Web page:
The Philadelphia Orchestra continued its season of “virtual” concerts from Dec. 3 through 6 with a chamber music arrangement of Gustav Mahler’s Symphony No. 4.
The Philadelphia Orchestra continued its season of “virtual” concerts from Dec. 3 through 6 with a chamber music arrangement of Gustav Mahler’s Symphony No. 4. The performance was recorded at the Kimmel Center’s Verizon Hall and was conducted by music director Yannick Nezet-Seguin.
The very notion of a “chamber music arrangement” of a Mahler symphony seems like a contradiction in terms. The great Austrian composer and conductor was and is best remembered for his over-the-top orchestration. One of his symphonies is even subtitled “Symphony of a Thousand.” His style of scoring is every bit as identifiable as is his harmonic language and melodic personality.
And yet, on a certain level, it’s unfair to consider Mahler’s music little more than its distinctive tonal colorations. There really is honest-to-goodness music behind the orchestration, and this concert proved that beyond the shadow of any doubt over the first weekend of December.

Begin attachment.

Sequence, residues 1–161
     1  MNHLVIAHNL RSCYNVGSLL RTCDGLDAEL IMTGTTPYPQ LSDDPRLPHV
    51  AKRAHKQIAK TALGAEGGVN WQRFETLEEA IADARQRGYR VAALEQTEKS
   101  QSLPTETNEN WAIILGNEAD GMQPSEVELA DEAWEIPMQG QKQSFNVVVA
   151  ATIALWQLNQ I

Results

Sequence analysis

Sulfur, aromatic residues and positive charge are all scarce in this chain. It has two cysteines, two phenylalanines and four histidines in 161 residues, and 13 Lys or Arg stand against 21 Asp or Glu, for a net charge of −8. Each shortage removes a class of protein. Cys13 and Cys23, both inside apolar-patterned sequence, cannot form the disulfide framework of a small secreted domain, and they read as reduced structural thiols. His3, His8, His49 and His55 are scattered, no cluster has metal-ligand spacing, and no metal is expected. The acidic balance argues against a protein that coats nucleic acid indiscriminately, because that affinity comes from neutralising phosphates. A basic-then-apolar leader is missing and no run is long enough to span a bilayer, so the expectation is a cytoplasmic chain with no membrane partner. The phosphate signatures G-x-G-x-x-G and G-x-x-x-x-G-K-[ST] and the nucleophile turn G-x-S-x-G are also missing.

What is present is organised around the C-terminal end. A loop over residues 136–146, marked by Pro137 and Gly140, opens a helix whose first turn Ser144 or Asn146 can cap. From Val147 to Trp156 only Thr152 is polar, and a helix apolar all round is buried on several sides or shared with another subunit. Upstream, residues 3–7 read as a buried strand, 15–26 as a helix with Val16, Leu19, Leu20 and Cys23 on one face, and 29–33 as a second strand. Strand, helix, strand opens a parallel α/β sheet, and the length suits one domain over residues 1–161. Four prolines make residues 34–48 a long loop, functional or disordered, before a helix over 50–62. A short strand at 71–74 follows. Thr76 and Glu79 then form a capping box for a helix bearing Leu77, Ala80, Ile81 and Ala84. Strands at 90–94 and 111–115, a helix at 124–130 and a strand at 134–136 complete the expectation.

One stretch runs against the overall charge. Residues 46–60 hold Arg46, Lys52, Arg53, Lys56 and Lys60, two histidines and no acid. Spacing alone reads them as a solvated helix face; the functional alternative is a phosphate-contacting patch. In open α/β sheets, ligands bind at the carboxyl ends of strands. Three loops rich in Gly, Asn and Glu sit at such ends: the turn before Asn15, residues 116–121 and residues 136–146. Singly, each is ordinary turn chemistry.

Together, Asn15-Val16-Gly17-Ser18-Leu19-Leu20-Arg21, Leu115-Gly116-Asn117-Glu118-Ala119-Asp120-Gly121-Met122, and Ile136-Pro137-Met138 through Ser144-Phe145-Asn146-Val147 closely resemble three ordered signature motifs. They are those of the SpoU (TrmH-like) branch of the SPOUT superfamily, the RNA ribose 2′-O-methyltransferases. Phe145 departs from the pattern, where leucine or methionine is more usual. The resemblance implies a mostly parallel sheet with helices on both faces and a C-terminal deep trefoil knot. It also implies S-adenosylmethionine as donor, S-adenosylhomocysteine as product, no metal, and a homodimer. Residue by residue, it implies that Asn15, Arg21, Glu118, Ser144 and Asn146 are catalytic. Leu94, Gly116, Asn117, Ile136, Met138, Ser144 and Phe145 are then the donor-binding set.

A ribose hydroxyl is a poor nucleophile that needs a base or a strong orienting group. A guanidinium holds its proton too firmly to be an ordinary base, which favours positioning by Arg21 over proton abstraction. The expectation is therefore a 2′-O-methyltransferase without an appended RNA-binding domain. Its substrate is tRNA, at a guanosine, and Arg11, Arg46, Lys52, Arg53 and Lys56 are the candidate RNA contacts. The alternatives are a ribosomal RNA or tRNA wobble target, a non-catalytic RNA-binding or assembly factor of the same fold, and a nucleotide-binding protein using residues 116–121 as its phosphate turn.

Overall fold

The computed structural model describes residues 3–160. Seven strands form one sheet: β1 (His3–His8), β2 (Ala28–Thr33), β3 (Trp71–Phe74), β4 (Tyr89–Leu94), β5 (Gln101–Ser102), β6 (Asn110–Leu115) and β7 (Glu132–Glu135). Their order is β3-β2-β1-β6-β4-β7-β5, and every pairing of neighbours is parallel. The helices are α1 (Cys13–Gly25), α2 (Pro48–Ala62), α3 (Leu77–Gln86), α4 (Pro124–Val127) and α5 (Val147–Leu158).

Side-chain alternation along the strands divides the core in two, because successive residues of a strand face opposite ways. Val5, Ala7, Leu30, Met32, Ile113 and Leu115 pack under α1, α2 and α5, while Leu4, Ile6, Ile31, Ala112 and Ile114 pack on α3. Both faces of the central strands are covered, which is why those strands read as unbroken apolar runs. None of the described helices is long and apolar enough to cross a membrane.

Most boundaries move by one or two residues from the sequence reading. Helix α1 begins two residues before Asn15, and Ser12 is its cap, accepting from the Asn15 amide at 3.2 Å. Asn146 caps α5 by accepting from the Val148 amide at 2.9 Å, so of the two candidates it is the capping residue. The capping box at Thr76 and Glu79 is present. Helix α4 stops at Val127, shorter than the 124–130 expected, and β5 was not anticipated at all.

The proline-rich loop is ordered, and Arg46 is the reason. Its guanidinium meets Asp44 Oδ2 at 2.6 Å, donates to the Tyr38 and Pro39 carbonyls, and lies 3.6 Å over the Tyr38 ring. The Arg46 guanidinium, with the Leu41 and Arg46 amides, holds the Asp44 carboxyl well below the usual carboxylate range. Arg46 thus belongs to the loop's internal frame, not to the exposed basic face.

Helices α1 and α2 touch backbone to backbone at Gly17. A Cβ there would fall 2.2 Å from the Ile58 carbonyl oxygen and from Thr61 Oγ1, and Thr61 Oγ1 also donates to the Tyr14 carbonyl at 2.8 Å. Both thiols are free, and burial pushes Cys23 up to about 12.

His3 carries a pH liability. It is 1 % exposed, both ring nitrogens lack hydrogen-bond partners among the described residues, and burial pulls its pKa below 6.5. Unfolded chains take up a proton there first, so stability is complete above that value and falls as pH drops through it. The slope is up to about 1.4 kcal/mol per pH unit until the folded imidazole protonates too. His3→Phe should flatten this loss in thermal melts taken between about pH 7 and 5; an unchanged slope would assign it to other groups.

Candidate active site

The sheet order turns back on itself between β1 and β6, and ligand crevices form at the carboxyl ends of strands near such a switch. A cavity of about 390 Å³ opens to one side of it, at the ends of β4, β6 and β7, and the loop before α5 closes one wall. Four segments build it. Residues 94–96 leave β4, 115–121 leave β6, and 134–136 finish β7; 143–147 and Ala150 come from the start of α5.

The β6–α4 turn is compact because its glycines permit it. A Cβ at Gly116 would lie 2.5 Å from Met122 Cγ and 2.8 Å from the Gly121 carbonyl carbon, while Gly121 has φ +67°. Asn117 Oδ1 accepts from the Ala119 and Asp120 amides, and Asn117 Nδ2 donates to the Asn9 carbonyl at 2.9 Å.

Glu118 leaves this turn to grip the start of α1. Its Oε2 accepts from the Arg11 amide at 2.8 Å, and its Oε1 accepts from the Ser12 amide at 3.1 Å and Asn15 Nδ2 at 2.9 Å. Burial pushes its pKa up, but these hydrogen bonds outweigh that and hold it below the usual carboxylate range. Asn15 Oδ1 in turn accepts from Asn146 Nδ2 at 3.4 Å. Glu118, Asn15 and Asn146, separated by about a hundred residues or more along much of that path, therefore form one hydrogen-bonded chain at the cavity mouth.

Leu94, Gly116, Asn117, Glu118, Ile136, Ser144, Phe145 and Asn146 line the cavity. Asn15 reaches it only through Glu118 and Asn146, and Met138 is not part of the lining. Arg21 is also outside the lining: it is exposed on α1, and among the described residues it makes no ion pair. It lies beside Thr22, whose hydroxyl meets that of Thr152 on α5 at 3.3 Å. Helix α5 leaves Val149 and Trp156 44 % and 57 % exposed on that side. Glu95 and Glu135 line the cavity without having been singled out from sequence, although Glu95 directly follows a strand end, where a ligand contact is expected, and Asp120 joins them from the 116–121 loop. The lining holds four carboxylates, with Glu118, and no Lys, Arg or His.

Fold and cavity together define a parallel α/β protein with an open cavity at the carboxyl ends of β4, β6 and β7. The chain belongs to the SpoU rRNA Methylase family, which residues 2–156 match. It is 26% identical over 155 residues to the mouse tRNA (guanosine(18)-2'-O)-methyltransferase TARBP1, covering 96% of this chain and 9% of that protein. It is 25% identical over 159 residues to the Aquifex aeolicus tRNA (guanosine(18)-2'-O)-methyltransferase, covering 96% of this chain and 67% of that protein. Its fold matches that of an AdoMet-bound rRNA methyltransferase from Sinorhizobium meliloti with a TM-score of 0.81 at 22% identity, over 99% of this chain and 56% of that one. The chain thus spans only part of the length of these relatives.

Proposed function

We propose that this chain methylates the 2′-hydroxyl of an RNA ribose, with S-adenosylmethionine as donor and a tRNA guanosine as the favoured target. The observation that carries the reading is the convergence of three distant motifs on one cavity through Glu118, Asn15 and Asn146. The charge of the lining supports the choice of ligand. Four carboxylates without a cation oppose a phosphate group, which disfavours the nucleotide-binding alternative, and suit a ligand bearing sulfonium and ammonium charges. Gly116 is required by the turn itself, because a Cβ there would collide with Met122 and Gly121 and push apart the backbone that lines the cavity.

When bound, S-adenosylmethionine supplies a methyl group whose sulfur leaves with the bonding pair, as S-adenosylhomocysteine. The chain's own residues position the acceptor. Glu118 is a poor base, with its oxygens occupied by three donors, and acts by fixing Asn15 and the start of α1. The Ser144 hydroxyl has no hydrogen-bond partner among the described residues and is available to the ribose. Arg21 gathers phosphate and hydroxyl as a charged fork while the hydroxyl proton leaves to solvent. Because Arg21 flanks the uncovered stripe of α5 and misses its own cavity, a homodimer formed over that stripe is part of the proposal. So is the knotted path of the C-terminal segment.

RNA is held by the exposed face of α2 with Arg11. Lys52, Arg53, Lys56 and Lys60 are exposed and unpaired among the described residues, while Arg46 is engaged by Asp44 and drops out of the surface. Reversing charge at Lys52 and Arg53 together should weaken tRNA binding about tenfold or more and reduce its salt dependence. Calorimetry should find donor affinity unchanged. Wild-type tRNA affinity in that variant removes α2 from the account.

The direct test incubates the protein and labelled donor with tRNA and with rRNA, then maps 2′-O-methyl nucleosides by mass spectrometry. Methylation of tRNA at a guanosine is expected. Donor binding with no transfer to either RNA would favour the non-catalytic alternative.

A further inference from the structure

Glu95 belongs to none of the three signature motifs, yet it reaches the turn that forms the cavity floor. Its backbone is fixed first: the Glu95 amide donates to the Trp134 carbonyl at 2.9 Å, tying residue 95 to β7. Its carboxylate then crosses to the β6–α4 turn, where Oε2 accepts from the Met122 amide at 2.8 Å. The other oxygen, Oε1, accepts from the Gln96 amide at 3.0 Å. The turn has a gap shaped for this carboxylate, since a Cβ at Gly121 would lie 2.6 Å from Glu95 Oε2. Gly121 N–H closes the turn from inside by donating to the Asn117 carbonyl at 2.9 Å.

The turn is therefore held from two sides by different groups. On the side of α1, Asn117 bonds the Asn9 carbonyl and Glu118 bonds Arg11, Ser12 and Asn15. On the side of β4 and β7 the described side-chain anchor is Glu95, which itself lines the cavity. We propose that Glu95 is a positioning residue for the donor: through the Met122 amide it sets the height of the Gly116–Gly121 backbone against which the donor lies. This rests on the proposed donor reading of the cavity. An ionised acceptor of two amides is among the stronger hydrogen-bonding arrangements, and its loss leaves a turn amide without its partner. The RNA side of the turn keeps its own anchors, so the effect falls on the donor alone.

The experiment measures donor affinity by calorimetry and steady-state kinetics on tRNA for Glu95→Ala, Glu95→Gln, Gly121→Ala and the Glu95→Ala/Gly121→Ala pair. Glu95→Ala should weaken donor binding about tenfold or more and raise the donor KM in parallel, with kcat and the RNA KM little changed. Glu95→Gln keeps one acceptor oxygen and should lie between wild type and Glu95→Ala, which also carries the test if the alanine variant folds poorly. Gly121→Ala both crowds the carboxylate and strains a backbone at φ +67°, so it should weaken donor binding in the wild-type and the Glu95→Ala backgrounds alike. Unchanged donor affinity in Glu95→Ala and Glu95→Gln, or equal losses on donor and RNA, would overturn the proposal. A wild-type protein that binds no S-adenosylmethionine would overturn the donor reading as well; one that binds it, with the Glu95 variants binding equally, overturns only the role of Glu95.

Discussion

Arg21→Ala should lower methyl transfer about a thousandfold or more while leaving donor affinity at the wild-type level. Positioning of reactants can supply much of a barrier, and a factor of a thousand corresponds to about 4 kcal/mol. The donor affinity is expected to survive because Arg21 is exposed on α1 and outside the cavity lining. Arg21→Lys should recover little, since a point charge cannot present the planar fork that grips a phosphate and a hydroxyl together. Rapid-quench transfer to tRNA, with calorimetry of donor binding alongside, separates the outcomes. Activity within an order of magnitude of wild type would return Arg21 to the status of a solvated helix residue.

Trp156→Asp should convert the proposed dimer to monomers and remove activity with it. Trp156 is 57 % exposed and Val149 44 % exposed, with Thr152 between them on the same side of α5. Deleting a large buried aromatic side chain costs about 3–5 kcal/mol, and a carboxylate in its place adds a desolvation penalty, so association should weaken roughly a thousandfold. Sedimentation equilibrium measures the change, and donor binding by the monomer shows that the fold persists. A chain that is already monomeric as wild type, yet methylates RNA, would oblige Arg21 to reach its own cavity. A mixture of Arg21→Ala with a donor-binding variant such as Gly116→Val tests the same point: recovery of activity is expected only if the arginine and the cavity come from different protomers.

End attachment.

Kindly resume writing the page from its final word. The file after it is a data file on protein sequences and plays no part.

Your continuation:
Perhaps the most arresting aspect of the chamber music version is its dependence upon the piano (with an occasional second on hand) and the pipe organ. Fortunately for Nezet-Seguin and the Philadelphians, they can call upon the exemplary piano playing of Kyoko Takeuti and the brilliant organ playing of Paul Jacobs – as well as Verizon Hall’s Fred J. Cooper pipe organ. Takeuti enhanced the tonal timbres of the overall ensemble with biting rhythms while Jacobs proffered beautifully sustained and voiced chords from the stage console.
Under Nezet-Seguin’s inspired leadership, the Orchestra caught the eloquent lyricism, biting dissonances and spiky rhythms of the first movement. In place of a certain unavoidable quality of lumbering, the music came across with transparent agility. Rather than have to struggle to walk, the music danced with vitality. Instead of having to fight to be heard, the woodwinds sang through like an exquisite choir of expressive vocalists. The strings also gained from the reduction of their numbers to that of an expanded chamber ensemble. Concertmaster David Kim’s playing was especially memorable.
The humorous spookiness of the second movement came across efficaciously because the listener was given the chance to appreciate every nook and cranny of the score. Tiny details, often over-looked, stood out brightly.
Nezet-Seguin took the third movement at a slower tempo than that which I would have chosen, but he elicited a rendition from the Philadelphians that seamlessly delivered his interpretation of intense emotional revelation.
Soprano Janai Bugger was the vocal soloist in the fourth movement. She sang with creamy clarity, projecting glowing tones out into the unfortunately empty Verizon Hall. Nezet-Seguin and the Philadelphians supported her with secure sensitivity.
For more upcoming digital performances, visit philorch.org/performances/our-season/events-and-tickets
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